Guap Records focuses on community renewal and mentorships, Hughes continued, “not necessarily for us, in race, but it’s for us as a people, as a community of Middle Georgia. Because Middle Georgia is one of the most powerful music places in the world. And it’s up to us to know our history and rewrite our history. And we’re doing it, and we’re blessed to be good at it.”


The evolution of the 478’s sound

While Macon is cranking out breakout acts – Baby Jungle reports he’s also negotiating a distribution deal – it does not really have a singular hip-hop “sound.” Think of it more as a choir of different voices, with plenty of highly individualized freestyling. “There’s too much diversity in our artists for there to be just one sound,” Hughes said. Moreover, Guap is more than just a feeder system for the alpha-dogs in Atlanta. 

“We are our own world,” Hughes said. “We are on pace to become a powerhouse name right here in Middle Georgia. We want to help put the 478 on the map. The 478 has so much talent it is just crazy! The difference I see in Macon and Atlanta is Atlanta is the hip-hop capital of the world right now, and it’s amazing. But…when you speak names like Otis Redding and Little Richard…I mean, we love Atlanta. They show us a lot of love. But we’re our own thing.” 

Hughes presides over a scene of bustling creative fermentation. He organizes “cyphers,” which are a little like guitar pulls or songwriters-in-the-round events. “We gather all the top talents from the 478, put them in the studio, and record a freestyle over a beat,” he says. “[The cypher project was] created by me and shot by BP, a cameraman from Macon who created the Virtual Platform, Macon Mic Up. We film at different locations throughout the city.”

The end result? “The reason behind it is to bring out all talents from different parts of the 478 and have them on one song. Through doing it we hope to create new bonds and make artists come together and work with each other and collaborate more. There is a lot of unity in our scene, a lot of love. People support each other.”


Getting guap – the business side

Guap does more than just record; it also incubates. Hughes sometimes works pro bono with up-and-coming artists and sound engineers. He often finds himself schooling some of the younger ones. “They may know ‘Dock of the Bay,’ but some of them don’t know much about Otis Redding, who was a smart businessman as well as singer. So I encourage them to learn about local history and sample from some of our homegrown greats. I encourage them to be professional, to return phone calls and emails and handle the business end wisely.”

Anthony Parker is a well-respected label consultant who goes by “Big Amp.” He said, “there’s a problem in hip-hop with what we call ‘giving a person flowers,’ meaning [we don’t give] accolades that acknowledge accomplishments. But you don’t find that with Guap. They are real big on teaching. They use mentoring and internships and shadowing, and you don’t always find that in hip-hop. What they are doing is providing hope. They have a CEO who made it, and they are opening their doors to youth. It would’ve been easy for them to run to Atlanta, but they stayed home and started cultivating their own backyard. When I pop in at Guap and do a meet-and-greet, Snap makes sure everyone is using proper etiquette, that everyone is professional. That’s something that is missing in a lot of places. I think Guap is off to a great start.”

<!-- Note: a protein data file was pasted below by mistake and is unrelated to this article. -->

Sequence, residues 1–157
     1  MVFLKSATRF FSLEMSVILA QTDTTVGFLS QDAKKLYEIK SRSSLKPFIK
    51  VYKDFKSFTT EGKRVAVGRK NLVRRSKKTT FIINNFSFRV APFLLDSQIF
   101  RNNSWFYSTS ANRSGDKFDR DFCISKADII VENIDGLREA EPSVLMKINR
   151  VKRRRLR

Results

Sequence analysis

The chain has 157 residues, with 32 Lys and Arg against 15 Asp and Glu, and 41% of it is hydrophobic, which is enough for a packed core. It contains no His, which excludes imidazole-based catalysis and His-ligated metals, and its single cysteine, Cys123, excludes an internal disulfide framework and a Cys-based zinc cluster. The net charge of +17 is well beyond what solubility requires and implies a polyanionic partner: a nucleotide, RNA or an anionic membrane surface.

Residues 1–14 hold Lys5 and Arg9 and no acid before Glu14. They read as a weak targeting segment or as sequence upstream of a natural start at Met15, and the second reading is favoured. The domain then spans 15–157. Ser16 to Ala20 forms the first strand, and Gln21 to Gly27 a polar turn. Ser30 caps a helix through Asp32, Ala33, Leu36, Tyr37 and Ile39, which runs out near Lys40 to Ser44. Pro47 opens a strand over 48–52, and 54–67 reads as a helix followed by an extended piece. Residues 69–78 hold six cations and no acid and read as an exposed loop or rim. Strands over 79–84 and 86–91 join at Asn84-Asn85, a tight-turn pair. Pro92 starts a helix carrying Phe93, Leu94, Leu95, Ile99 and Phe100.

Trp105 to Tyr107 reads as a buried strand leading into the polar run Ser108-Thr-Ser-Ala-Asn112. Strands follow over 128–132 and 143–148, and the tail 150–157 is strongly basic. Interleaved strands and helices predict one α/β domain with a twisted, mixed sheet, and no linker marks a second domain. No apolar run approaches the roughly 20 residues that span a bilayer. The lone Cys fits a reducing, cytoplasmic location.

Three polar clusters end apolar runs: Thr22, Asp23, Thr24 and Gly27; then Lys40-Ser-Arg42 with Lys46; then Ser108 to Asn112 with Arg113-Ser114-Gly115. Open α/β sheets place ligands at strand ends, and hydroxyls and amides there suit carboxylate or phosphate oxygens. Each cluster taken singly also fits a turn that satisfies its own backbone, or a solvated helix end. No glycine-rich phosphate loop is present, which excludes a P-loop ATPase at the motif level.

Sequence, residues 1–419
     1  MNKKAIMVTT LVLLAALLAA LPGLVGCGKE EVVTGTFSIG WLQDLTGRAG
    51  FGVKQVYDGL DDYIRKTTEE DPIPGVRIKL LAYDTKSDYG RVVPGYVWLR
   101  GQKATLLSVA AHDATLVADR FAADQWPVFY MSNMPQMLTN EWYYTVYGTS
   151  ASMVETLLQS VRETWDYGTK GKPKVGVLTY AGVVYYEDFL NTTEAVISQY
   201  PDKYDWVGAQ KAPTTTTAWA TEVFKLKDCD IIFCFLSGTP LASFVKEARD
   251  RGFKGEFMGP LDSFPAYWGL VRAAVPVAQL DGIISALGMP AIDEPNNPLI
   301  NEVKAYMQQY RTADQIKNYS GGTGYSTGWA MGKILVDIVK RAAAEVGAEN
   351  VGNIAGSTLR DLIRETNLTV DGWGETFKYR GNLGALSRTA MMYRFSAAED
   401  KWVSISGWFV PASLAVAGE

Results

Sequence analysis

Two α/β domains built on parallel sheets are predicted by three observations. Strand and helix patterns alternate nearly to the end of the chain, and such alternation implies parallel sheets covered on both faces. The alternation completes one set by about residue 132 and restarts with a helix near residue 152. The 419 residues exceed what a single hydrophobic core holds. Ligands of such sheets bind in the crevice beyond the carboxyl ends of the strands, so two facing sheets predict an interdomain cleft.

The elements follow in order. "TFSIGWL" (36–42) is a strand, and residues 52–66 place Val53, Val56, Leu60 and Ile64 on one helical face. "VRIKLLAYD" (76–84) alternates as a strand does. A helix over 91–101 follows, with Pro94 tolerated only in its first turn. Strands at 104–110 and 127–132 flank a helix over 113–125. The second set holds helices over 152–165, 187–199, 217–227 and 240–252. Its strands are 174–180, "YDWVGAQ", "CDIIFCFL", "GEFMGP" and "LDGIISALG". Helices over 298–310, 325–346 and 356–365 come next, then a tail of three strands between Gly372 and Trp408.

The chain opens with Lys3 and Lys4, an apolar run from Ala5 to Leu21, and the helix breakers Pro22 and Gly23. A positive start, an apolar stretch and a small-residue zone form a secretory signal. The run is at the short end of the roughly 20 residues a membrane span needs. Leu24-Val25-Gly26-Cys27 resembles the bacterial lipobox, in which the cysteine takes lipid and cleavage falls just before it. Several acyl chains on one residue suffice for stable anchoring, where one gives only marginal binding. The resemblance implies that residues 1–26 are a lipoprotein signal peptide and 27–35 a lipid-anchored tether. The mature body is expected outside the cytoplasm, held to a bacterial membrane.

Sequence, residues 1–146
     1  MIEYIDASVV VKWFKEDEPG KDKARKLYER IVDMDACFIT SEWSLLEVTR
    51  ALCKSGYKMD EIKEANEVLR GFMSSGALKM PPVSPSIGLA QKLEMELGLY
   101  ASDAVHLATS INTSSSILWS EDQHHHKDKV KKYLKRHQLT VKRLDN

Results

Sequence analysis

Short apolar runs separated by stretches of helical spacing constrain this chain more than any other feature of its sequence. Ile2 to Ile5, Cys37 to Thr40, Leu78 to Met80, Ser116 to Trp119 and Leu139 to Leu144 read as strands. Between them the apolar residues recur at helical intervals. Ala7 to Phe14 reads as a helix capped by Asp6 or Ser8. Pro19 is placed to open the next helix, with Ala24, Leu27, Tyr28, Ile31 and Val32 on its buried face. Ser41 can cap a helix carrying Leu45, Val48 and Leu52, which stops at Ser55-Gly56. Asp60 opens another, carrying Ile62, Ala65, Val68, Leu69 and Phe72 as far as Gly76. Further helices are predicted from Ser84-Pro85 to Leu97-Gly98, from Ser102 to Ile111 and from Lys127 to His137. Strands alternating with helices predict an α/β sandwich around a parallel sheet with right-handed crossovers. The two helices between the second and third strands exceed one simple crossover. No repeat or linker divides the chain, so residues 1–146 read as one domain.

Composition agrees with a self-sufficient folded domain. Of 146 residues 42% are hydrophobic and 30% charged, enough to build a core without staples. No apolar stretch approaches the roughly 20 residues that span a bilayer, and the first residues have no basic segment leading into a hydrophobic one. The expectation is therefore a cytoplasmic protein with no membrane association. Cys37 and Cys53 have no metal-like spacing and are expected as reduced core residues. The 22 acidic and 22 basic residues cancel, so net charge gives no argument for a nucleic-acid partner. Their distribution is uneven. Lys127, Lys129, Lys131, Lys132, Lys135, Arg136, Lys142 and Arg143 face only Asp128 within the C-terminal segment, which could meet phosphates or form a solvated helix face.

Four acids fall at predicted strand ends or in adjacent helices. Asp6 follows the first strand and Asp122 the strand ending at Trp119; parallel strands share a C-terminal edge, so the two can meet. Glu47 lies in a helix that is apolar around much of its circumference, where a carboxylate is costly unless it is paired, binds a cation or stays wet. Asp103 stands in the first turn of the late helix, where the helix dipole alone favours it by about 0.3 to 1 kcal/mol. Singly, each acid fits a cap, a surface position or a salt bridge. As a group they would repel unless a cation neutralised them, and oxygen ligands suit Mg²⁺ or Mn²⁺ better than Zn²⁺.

Personal growth is a happy side effect of business mentorship, Hughes said. But that “side effect” has a massive impact. By starting professional email account for artists and mentoring them in all the financial aspects of the trade, Hughes and the other Guap visionaries don’t just let artists create music and distribute it; they teach each artists to be a business – and to always be about their business. That brings capital to Greenwood Bottom and the rest of Macon and Central Georgia. Their personal growth becomes a key aspect of economic revitalization for their community.

To reward all of this talent and give it a chance to glam up and shine, Guap Records has launched The 478 Awards, which sold out the Grand Opera House last year for a black-tie, red-carpet event. “We’re making that an annual thing,” Hughes says. 

The company is in the dream business, so what are the guapmores’ fantasies for the future? Platinum records, Grammys, BET Awards. “We want to be the biggest indie label in the South,” said Dupree, and his company’s track record so far makes industry watchers take those aspirations seriously.


“Music, man,” says Hughes. “It’s the most powerful tool in the world for uniting people. Music don’t got a race or a color. It brings together Black, white, and Chinese. It can make that old, racist way of thinking die. It can change lives.” 


Published in the June/July 2023 Music Issue